Ironically, Alatsis said, the class made her realize she didn't want to become a traditional classroom teacher.

"My first year in the program, junior year, I entered with the idea I was going to become a special-education teacher," she said. "While special education is still something I am very passionate about, this class helped me discover how I want pursue this passion."

Alatsis said her goal is to become a licensed physical therapist and work in a school district, ideally with students who have disabilities.

This year, Alatsis said, she explored occupational therapy in preparing for the Exploring Support Services Careers contest category, placing second in the nation.

"For this competition, I had the chance to shadow Angie Danner, one of the GJPS district's occupational therapist, as she worked with students at many different schools," she said. "I observed her on and off weekly for over the course of two months, and then conducted an interview with her to learn more about the occupational therapy profession."

Alatsis said her next step was to create a presentation outlining her experience and then practice presenting it to classmates and teachers in preparation for the state competition. At the state level, she placed third, advancing to the national level in Dallas.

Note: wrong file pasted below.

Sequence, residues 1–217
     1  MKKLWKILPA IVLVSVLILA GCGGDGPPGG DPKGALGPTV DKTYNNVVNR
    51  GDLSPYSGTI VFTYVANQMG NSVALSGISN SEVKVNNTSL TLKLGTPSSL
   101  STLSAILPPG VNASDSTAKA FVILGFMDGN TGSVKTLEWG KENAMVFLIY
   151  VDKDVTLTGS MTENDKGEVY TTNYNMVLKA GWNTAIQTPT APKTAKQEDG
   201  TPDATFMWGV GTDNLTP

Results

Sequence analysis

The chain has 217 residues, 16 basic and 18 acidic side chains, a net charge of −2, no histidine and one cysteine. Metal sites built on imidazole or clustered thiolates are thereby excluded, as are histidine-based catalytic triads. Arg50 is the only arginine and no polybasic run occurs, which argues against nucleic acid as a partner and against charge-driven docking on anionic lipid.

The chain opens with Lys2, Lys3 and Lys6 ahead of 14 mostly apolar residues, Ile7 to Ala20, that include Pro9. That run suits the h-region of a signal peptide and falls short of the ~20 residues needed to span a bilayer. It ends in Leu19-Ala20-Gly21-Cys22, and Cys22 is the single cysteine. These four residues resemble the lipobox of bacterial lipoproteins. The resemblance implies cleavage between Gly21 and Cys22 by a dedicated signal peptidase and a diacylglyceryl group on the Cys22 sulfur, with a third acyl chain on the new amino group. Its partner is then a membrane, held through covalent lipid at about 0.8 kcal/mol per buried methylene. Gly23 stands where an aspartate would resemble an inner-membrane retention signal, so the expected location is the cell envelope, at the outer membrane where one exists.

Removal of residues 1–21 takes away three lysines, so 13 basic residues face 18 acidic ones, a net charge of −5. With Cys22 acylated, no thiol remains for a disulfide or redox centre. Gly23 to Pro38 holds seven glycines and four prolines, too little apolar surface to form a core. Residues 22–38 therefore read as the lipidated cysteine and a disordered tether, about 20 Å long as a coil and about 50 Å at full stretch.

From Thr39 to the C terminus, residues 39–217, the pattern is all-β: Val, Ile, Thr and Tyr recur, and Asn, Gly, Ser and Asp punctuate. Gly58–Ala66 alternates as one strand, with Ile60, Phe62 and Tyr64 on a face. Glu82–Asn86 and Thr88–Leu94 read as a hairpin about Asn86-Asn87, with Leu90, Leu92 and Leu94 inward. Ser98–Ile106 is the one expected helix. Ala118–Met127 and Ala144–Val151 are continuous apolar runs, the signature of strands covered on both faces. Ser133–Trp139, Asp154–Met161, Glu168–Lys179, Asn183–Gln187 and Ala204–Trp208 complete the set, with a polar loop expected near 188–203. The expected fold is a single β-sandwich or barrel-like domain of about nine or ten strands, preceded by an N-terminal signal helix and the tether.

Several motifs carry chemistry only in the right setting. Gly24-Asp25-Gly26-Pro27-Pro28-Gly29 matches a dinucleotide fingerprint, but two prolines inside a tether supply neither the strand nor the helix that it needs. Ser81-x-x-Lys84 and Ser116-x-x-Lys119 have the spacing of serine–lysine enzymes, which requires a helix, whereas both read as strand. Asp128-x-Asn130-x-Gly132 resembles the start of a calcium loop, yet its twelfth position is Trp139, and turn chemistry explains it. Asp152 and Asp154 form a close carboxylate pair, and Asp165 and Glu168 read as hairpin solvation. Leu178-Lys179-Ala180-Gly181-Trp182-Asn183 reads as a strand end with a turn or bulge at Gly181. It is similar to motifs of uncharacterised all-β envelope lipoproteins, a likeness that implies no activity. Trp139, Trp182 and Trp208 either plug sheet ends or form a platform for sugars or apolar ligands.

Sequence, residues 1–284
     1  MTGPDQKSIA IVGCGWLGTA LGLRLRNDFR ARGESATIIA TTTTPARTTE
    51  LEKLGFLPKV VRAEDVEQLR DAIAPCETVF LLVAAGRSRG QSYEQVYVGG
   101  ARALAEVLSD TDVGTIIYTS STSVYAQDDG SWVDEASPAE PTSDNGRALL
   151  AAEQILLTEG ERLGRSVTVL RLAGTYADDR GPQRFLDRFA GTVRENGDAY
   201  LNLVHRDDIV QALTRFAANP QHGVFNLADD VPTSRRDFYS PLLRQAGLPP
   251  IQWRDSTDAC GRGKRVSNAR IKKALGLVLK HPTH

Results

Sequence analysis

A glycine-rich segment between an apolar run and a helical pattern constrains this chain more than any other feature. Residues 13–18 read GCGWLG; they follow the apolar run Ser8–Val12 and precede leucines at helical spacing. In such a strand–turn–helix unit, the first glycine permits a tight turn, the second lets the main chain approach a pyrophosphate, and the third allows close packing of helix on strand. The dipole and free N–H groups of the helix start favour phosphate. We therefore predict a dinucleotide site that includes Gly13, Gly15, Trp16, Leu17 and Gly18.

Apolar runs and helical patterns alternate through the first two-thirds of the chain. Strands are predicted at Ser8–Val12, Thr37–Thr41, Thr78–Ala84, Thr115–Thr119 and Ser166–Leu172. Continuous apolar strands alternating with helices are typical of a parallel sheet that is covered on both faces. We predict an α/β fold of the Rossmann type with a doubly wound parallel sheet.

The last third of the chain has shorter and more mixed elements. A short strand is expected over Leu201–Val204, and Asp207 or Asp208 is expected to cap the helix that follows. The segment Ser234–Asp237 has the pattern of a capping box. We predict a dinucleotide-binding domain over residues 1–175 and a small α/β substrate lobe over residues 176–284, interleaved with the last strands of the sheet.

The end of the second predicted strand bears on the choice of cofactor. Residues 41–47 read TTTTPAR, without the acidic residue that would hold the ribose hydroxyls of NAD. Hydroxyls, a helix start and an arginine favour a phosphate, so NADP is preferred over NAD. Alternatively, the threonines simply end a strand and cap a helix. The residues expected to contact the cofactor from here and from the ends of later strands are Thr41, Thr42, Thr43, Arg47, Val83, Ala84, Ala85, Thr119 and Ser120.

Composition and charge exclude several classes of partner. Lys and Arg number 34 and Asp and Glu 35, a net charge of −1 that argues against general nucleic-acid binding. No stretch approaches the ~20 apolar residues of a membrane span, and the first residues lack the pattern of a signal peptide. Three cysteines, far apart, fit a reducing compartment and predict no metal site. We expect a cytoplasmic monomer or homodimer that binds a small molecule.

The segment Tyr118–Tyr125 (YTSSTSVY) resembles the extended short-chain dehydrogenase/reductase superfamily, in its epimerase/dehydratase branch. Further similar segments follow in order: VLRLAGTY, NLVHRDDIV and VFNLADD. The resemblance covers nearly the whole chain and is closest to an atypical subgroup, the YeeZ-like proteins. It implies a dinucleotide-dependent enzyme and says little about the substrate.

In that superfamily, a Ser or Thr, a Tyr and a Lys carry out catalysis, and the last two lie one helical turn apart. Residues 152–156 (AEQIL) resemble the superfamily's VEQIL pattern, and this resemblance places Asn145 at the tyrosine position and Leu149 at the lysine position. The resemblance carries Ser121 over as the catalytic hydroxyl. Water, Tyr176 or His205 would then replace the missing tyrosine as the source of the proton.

Through her two-year participation at Eastland-Fairfield in Teaching Professions, Williams said, she was able to observe classrooms ranging from kindergarten to high school level with honors pre-calculus.

She said it helped her understand the importance of building rapport with students, peers and other future and current educators.

"While I was an Eastland-Fairfield student, I was also a member of Educators Rising at the state and national level and competed at each over my two years as a member," she said.

At last month's conference, Williams said, students from across the nation competed in activities related to lesson planning, exploring careers and children's literature.

"We also had two amazing keynote speakers -- author and math teacher Jose Vilson and 2019 Teacher of the Year Rodney Robinson -- (who) encouraged us," she said.

As a result of being selected by fellow Educators Rising members to be the 2019-20 national student president, Williams said, she will represent the organization positively, aid in planning the 2020 national conference that will be held in Washington, D.C., and be a strong voice for future educators.

Educators Rising, supported by Phi Delta Kappa International, a professional organization for educators, is a career-technical student organization dedicated to transforming how America develops aspiring teachers, according to Durkin.

Starting with high school students, she said, the organization provides hands-on teaching experience, sustains their interest in the profession and helps them cultivate the skills they need to be successful.

Visit for details about the Teaching Professions satellite program or call 614-836-4530.